Ratings CCC and lower do not carry outlooks from Fitch, but all other sovereigns do, and in that context, only MENA does not have at least one country with a negative outlook. Sub-Saharan Africa, which has had the most negatives for several years, has six – Ghana(B-), Kenya (B+), Lesotho (B), Namibia (BB), Rwanda (B+) and Uganda (B+). The primary reason is “relatively high levels of government debt, and particularly high interest service burdens (interest payments relative to government revenue),” McCormack said.

Debt Distress

Another indicator, from an April IMF analysis of the implications of COVID-19 shocks and the Ukraine war on debt conditions: “About 60% of DSSI [G-20 Debt Service Suspension Initiative] countries are at high risk of debt distress or already in debt distress – when a country has started, or is about to start, a debt restructuring, or when a country is accumulating arrears.

“Among the 41 DSSI countries at high risk of or in debt distress, Chad, Ethiopia, Somalia and Zambia have already requested a debt treatment. Around 20 others exhibit significant breaches of applicable high-risk thresholds, half of which also have low reserves, rising gross financing needs, or a combination of the two in 2022.”

“With sovereign debt risks elevated and financial constraints back at the center of policy concerns, a global cooperative approach is necessary to reach an orderly resolution of debt problems and prevent unnecessary defaults,” wrote IMF authors Vitor Gaspar and Ceyla Pazarbasioglu.

Reasons for Caution

A stronger U.S. dollar is expected as interest rates rise, and there is typically a strong correlation between the dollar and EM sovereign credit ratings; dollar appreciation is associated with lower EM ratings, as debt service costs in U.S. dollars rise in local-currency terms.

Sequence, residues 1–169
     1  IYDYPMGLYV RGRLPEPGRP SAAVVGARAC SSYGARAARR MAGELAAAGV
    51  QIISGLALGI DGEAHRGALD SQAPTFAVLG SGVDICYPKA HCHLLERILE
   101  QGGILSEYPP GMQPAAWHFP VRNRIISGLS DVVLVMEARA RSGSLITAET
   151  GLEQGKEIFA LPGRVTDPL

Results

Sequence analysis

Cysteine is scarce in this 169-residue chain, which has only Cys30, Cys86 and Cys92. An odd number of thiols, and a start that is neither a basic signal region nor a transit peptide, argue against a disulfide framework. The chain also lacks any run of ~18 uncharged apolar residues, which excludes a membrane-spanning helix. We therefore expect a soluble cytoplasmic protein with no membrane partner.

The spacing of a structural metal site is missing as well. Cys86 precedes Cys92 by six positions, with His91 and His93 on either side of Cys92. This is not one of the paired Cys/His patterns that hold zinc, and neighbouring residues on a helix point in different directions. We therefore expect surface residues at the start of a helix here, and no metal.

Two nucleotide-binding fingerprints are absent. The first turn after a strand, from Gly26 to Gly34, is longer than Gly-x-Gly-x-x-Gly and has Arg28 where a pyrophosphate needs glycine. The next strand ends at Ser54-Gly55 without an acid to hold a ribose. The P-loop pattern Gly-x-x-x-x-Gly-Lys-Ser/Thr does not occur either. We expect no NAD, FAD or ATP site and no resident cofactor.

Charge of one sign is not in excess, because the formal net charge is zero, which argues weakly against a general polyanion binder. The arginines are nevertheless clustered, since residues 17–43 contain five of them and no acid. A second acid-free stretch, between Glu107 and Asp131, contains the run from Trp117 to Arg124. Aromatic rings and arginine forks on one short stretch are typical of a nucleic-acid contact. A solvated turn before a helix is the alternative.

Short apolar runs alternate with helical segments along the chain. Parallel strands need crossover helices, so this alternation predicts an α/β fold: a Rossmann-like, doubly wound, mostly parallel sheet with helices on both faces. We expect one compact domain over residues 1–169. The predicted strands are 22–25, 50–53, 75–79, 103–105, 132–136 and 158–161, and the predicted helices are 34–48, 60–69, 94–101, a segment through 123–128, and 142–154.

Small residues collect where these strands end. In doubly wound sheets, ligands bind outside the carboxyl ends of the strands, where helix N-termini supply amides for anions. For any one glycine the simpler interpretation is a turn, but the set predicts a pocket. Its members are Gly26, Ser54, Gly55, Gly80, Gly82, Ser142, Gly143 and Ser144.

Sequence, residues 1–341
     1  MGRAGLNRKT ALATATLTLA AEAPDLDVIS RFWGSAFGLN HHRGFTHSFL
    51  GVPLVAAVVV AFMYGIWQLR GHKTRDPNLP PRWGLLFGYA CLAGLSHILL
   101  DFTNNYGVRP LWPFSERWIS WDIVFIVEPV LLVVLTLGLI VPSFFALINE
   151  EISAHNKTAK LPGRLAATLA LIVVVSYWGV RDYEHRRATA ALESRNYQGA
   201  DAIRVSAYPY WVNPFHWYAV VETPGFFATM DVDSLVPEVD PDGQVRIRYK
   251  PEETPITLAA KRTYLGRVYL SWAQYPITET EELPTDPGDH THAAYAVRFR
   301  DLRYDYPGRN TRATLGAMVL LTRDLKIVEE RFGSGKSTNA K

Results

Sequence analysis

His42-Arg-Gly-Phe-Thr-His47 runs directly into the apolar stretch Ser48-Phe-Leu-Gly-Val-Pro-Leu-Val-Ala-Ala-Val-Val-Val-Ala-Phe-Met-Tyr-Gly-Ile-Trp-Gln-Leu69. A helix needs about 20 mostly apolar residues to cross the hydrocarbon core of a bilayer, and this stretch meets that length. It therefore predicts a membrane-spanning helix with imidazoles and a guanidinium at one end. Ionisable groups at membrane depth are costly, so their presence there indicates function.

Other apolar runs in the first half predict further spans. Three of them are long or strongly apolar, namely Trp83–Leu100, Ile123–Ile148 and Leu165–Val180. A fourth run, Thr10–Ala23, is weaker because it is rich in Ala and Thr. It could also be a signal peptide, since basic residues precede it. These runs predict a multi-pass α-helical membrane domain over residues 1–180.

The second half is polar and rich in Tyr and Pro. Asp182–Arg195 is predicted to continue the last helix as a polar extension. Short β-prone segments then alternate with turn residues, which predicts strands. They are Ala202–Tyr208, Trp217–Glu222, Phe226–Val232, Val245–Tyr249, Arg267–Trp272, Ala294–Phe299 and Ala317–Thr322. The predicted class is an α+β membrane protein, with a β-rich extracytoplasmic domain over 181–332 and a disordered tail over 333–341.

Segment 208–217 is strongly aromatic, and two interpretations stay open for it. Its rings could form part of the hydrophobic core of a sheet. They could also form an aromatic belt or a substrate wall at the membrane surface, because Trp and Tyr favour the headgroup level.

The likelihood of both Ukraine and Russia defaulting on foreign debt obligations “will weigh on indexed returns,” assuming they are still included in indexes,” Etra explained. “It is a difficult environment to imagine we’ll see broad spread compression, and benchmark risk-free rates are rising, which could make traditional or safer investments in developed market debt more attractive.”

Looking at the Latin America region, 2022 will bring elections in Brazil and Colombia, heightening the possibilities changes in policy direction, coupled with the risk of pre-election policies being loosened.

Given the Ukraine conflict’s impact on oil and other commodities, “we are watching carefully for any signs of division with OPEC and OPEC+, or between the U.S. and its traditional allies in the Gulf,” Etra said. “And in Asia, we will be watching for signs of how China manages the fallout from the Russian invasion both in terms of Sino-Russian relations/trade but also Sino-U.S. relations.”

Some Bright Spots

Rising commodity prices are a likely positive for emerging-market net exporters, though not all fall into that category. McCormack said that “terms-of-trade deteriorations can be expected in Turkey, China, India and a number of other Asian economies. Regions that will benefit from higher commodity prices include Latin America, Sub-Saharan Africa and MENA.”

With many areas of emerging-market fixed income having been dramatically repriced, investors are finding more attractive yields. For example, EM local markets now reflect more hawkish central bank policy, as many responded aggressively in 2021 to concerns of rising inflation.

“As a result, the EM nominal yield advantage over developed markets stands at ~ 400+ bps, the highest levels in more than a decade,” said Loomis Sayles’ DiCenso. “While this certainly stands out as an attractive opportunity, it must be weighed against the risk of continued upward inflation pressures and elevated volatility.”